A postulated state of being that results from the breaking of some rule from a moral code. In the Western dualistic religions which were influenced by Zoastrianism, sin is created only by Satan or His equivalent (Ahriman, Shaitan, etc.) and the presence of sin prevents souls from reaching heaven.

From a pragmatic perspective the concept of sin provides two important mechanisms for social control. First, those in charge are able to give a particular set of social regulations an undisputable stamp of divine authority. Second, those in charge are often able claim the power to absolve sin, and, thereby, cheaply reward conformity to the canon.

The Catholic church has the most elaborate dogma of sin. Under that dogma sin may only be absolved through a sequence of exclusively Catholic rituals including confession, penance and the eucharist. Sins in Catholicism are divided into venal and mortal with mortal sins being sufficient in themselves to bar entry to heaven unless the sin is repented, atoned for and absolved.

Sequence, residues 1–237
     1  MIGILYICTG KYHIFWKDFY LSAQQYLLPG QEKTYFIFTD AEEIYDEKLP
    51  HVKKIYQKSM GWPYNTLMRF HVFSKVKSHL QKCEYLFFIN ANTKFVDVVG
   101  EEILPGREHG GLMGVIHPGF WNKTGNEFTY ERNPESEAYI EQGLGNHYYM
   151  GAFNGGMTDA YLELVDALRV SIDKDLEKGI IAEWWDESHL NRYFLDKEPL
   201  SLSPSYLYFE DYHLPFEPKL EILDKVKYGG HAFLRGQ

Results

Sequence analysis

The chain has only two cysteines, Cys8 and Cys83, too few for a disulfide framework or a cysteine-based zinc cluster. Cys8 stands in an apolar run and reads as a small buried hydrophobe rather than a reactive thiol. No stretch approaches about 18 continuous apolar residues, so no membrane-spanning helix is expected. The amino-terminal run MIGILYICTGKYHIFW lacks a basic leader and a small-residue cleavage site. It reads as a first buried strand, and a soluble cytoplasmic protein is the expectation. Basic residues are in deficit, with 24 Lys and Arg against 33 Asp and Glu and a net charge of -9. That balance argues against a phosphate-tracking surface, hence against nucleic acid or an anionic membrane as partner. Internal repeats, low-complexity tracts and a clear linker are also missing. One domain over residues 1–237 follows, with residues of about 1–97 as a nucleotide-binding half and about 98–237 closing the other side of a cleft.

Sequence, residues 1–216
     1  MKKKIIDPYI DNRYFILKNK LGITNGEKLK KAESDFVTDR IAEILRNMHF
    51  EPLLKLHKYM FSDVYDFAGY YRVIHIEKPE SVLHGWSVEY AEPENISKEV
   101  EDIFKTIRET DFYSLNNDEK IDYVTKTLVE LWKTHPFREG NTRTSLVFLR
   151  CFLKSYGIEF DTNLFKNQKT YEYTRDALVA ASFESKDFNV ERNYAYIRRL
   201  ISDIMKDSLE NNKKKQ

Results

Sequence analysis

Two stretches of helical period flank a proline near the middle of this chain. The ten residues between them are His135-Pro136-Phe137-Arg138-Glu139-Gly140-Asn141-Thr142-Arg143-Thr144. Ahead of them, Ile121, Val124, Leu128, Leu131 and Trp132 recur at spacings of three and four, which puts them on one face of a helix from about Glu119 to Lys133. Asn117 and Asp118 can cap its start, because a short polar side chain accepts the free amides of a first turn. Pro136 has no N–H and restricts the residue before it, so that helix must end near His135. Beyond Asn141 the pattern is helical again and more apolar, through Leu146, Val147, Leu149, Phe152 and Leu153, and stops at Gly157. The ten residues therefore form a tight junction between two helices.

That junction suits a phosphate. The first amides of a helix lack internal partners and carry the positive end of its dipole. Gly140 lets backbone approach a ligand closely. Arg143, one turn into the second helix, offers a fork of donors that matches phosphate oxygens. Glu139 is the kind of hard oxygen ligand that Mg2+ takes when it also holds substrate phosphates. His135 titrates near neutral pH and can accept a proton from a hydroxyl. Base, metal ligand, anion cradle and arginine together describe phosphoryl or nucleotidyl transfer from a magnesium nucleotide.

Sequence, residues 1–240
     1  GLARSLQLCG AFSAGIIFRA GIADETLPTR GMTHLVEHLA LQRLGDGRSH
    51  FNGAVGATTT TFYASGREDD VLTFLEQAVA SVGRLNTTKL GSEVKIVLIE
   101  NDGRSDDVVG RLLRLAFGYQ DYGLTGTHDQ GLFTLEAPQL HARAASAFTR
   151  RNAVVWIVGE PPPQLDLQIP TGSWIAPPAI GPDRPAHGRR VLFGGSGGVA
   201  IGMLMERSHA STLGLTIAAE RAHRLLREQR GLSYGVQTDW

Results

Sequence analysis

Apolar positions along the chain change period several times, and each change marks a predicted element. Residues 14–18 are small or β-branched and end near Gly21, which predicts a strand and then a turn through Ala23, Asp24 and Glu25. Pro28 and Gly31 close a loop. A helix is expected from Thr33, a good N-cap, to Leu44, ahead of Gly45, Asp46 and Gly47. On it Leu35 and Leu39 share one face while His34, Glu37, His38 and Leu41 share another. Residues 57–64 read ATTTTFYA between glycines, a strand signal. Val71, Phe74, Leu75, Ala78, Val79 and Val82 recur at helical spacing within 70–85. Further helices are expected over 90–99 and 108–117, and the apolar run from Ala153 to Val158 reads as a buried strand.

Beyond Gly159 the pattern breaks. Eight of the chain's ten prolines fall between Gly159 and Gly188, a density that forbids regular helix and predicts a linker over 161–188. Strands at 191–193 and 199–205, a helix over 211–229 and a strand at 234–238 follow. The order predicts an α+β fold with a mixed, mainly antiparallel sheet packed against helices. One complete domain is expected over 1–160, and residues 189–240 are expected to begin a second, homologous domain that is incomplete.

There have been several lists of The Seven Deadly Sins over the centuries, but one is: pride, envy, lust, greed, sloth, anger and gluttony.

Polynesian cultures thought that it was absurd that any action that did not hurt another human being could be considered evil. Thus, when Missionaries tried to tell them that dancing or taking pleasure in sex was sinful they just laughed. The Hawaiians framed the following moral paradigm in response to the missionaries' efforts: "No hurt, no sin."